Subject: Re: the evil of continuations
From: (Rob Warnock)
Date: 2 Sep 2000 04:21:18 GMT
Newsgroups: comp.lang.scheme,comp.lang.lisp
Message-ID: <8opv7u$n9d1u$>
Matthew R Wette  <> wrote:
| Solaris uses a user-level + kernel-level thread approach.  The kernel
| threads are mapped to processors.  The user threads are mapped to
| kernel threads.  There are hooks to allow the user to specify how many
| processors should be used.  There used to be white papers on this
| design but I just looked on and didn't find them.

SGI does something similar. From <URL:
DwebQuery=threads>, we see that we *used* to do "m-on-n" scheduling
(as above), but now[*] do the multi-CPU dispatching entirely in user mode:

	C Source Using POSIX Threads
	You can write a multithreaded program using the POSIX threads model
	and POSIX synchronization primitives (POSIX standards 1003.1b,
	threads, and 1003.1c, realtime facilities). The use of these
	libraries is documented in Topics in IRIX Programming, listed
	in the section "Software Tool Manuals". 

	Through IRIX 6.4, the implementation of POSIX threads creates a
	certain number of IRIX processes and uses them to execute the
	pthreads. Typically the library creates fewer processes than the
	program creates pthreads (called an "m-on-n" implementation).
	You cannot control or predict which process will execute the code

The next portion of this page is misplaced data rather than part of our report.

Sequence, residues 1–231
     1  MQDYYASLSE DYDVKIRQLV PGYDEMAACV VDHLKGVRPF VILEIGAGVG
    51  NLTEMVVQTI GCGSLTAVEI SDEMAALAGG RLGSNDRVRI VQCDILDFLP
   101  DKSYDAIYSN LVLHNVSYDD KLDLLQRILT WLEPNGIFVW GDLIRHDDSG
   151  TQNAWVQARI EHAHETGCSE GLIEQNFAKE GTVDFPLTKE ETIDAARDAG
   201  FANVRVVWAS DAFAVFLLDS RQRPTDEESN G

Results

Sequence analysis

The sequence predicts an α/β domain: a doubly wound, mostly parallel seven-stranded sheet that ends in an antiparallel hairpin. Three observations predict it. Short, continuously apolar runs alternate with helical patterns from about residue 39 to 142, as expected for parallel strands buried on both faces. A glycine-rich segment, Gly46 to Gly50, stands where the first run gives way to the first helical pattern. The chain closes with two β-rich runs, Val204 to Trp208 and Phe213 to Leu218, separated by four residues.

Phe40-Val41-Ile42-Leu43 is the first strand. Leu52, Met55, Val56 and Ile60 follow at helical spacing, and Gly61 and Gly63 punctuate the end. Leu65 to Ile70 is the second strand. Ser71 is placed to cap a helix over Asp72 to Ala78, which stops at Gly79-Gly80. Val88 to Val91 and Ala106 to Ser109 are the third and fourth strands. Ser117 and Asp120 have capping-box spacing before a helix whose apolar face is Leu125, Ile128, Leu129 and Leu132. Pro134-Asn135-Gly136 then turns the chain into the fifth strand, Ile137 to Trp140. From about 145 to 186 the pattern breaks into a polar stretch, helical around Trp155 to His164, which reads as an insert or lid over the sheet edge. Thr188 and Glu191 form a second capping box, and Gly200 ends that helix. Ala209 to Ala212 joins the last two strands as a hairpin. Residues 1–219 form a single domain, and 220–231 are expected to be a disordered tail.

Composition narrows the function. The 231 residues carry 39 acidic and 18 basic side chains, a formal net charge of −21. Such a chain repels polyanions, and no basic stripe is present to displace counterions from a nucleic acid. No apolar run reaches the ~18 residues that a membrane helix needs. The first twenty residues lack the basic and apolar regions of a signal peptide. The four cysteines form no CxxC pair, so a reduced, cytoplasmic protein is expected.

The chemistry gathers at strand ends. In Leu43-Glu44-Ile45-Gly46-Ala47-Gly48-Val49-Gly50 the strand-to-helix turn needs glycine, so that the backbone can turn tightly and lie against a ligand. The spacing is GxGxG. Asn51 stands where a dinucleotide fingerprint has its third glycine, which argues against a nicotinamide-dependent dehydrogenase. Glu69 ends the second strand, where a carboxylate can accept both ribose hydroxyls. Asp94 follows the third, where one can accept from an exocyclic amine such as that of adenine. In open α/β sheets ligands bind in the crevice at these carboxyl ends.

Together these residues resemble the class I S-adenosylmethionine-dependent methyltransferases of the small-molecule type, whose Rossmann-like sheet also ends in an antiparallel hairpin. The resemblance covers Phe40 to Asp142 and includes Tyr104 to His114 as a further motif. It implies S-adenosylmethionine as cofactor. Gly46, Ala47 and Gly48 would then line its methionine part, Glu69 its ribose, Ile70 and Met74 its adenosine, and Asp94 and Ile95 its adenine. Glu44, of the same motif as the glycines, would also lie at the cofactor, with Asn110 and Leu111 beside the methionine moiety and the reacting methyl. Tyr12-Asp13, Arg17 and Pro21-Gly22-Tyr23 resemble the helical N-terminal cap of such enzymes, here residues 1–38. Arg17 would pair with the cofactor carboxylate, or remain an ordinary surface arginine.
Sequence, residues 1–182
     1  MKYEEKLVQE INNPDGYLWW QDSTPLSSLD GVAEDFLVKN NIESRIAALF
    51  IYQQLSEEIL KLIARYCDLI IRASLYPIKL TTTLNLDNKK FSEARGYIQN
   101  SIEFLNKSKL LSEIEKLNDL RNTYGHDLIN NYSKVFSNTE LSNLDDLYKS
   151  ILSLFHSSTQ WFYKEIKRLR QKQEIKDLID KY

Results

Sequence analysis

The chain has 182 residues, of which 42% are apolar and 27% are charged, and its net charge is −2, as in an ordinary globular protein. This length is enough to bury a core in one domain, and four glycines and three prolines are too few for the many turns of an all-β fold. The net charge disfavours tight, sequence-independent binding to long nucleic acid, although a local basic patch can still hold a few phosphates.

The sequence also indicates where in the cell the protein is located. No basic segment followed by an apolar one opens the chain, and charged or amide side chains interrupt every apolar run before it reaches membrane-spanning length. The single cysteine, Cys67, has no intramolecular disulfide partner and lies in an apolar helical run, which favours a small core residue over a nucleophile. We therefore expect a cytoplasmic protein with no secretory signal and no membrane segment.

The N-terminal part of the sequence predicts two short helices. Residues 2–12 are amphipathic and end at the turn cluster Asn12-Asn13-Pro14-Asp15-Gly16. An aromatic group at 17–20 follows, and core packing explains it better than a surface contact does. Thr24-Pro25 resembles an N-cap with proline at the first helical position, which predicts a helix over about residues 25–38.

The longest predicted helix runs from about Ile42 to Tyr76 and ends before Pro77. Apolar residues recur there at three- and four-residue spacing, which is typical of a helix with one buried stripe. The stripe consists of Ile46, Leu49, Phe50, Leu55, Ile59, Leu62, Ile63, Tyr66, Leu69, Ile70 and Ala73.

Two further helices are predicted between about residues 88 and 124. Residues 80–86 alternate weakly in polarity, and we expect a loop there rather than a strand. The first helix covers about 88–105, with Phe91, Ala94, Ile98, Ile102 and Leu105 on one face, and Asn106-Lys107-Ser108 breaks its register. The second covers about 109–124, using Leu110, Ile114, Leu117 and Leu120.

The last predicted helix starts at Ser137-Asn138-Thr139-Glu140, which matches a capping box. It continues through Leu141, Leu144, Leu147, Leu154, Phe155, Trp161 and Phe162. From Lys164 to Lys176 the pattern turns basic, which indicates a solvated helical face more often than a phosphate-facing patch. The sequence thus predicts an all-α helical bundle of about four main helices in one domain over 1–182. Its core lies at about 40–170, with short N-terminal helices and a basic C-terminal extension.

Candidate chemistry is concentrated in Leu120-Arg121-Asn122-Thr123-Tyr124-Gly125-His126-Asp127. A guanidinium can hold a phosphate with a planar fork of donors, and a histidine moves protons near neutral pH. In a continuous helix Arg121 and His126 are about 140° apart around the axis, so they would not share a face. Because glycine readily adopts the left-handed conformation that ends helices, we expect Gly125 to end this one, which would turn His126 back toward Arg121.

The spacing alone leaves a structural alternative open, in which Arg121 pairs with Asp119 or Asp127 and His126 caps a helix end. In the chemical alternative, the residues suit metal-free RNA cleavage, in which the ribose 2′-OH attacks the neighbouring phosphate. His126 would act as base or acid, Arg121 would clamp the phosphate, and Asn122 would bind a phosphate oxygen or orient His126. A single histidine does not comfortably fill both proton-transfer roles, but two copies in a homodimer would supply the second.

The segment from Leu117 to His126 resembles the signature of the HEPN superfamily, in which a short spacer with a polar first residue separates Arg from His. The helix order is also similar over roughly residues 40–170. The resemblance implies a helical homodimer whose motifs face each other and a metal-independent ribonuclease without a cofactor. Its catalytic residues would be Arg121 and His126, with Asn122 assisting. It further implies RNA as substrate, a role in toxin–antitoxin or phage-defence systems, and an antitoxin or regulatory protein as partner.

of any pthread at any time. When a pthread blocks, the process
	running it looks for another pthread to run.

[*]==>	Starting with IRIX 6.5, the pthreads library allocates a varying
	number of execution resources (basically, CPUs) and dispatches them
	to the runnable threads. These execution resources are allocated
	and dispatched entirely in the user process space, and do not
	require the creation of UNIX processes. As a result, pthread
	dispatching is more efficient.

The "Topics in IRIX Programming" document mentioned can be found at

Look particularly at "Part Four: Models of Parallel Computation",
"Chapter 13, "Thread-Level Parallelism". Table 13-1 in that section
provides a fairly extensive comparison of POSIX threads, "Lightweight
Processes" [such as Irix's "sproc()"], and traditional Unix processes.


Rob Warnock, 41L-955
Applied Networking
Silicon Graphics, Inc.		Phone: 650-933-1673
1600 Amphitheatre Pkwy.		PP-ASEL-IA
Mountain View, CA  94043